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  5. I have been too embarrassed to admit it but I went through this a couple months ago with my 1.5 year old daughter. She is the only child I am currently nursing, and I’m not pregnant. It was just that she went through a little rough patch emotionally and for about 3 weeks I felt like she was CONSTANTLY comfort nursing. I wanted my space, I was resentful, I was tired, I was sore- I told my husband multiple times a day that I was going to wean her but I never did. Then one weekend my husband woke up early with the kids and let me sleep in. He gave her a cup of cow’s milk to hold her over until I woke up. Shockingly, when I woke up she didn’t immediately run over and demand the boob, she was actually content to play for a little while while I ate breakfast. By that afternoon, it seemed like all our problems just disappeared. Suddenly she was ok with just a hug for comfort, she didn’t need me to nurse her everytime she was upset. And suddenly I was happy to nurse her again, no more feelings of resentment.
    I think a nursing relationship is just like any other, there are going to be rough patches. I wish that people could feel comfortable talking about the bad times so we could normalize it. I felt like such a bad mom for my nursing aversion, it is comforting to know other women have gone through it.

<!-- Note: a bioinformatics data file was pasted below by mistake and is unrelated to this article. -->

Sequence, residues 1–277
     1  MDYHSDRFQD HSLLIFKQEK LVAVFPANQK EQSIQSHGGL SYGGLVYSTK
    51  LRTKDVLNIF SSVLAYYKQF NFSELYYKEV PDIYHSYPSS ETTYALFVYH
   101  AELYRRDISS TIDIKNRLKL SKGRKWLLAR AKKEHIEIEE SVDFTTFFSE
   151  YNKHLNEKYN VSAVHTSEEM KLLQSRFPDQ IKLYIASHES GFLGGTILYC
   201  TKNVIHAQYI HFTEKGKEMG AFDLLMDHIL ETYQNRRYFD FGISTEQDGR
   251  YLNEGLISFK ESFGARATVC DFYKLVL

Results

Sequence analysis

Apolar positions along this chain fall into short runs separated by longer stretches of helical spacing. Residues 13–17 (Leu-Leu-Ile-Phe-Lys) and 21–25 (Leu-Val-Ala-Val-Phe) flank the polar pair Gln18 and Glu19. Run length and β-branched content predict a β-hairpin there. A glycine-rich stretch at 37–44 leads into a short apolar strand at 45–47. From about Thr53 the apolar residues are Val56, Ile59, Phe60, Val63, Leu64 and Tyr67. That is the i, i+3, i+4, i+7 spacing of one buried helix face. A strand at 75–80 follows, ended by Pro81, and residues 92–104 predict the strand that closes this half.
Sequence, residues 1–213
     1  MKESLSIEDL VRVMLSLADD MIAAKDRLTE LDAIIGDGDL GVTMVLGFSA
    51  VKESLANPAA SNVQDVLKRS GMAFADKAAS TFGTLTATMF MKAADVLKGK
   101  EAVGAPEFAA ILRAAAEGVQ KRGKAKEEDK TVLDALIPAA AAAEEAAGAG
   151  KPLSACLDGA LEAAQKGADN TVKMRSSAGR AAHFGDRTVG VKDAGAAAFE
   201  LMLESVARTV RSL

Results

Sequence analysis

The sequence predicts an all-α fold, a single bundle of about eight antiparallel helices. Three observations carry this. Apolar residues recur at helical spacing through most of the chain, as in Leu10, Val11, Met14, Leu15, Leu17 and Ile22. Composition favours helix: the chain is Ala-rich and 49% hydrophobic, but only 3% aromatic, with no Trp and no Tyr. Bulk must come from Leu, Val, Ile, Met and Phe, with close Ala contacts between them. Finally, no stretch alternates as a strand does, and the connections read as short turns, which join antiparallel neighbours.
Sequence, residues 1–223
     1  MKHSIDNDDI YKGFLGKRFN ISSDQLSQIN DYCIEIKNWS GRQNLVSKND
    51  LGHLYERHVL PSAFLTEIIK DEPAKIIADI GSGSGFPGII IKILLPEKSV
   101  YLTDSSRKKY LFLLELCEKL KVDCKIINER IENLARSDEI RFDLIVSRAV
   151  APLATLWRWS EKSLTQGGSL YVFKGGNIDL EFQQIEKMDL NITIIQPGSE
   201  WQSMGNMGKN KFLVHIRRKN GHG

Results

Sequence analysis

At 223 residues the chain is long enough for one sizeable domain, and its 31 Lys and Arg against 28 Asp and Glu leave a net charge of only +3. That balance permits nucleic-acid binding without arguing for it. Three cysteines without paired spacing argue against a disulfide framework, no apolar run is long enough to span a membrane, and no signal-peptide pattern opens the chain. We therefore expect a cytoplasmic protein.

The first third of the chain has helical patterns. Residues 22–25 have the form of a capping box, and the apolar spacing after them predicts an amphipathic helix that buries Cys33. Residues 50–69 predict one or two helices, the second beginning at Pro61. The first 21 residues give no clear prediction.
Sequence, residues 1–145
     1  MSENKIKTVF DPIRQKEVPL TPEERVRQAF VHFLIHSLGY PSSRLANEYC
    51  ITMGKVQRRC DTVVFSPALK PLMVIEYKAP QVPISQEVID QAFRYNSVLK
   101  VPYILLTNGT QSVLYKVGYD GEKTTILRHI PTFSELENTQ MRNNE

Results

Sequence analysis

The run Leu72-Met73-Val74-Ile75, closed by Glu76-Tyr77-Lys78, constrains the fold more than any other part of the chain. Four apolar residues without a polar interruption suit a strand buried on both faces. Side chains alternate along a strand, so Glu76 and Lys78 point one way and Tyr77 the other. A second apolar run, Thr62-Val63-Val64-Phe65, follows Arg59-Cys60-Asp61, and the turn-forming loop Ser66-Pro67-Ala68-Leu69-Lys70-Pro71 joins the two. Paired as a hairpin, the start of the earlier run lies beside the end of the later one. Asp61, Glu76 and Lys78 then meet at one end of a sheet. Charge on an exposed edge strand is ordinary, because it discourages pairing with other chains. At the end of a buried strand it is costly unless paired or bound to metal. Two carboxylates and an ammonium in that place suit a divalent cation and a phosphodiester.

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    • You are not alone! Many many woman feel that way! Interesting comment that I just read posted below about how the nursing aversion before let down is has name, d-mer… will have to look into that!

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      • I don’t think d-mer is it.. From reading the definition buts anyhow. I am totally there on your description of aversion. I’m feeding my 7month old and my 2.5 yr old and still find I have bouts of very intense skin crawling.. Especially if they are both on at the same time. I can’t stand it which is a shame as like you say it would reduce the feeding time significantly! This aversion is like nothing I’ve felt before in my whole breastfeeding time. I hate it and wish I didn’t as my kids love feeding together. I don’t have my periods yet but definitely think it’s worse at certain times of the month. 🙁 I am trying limits but my toddler is soo intense with his demands.. And I am so tired.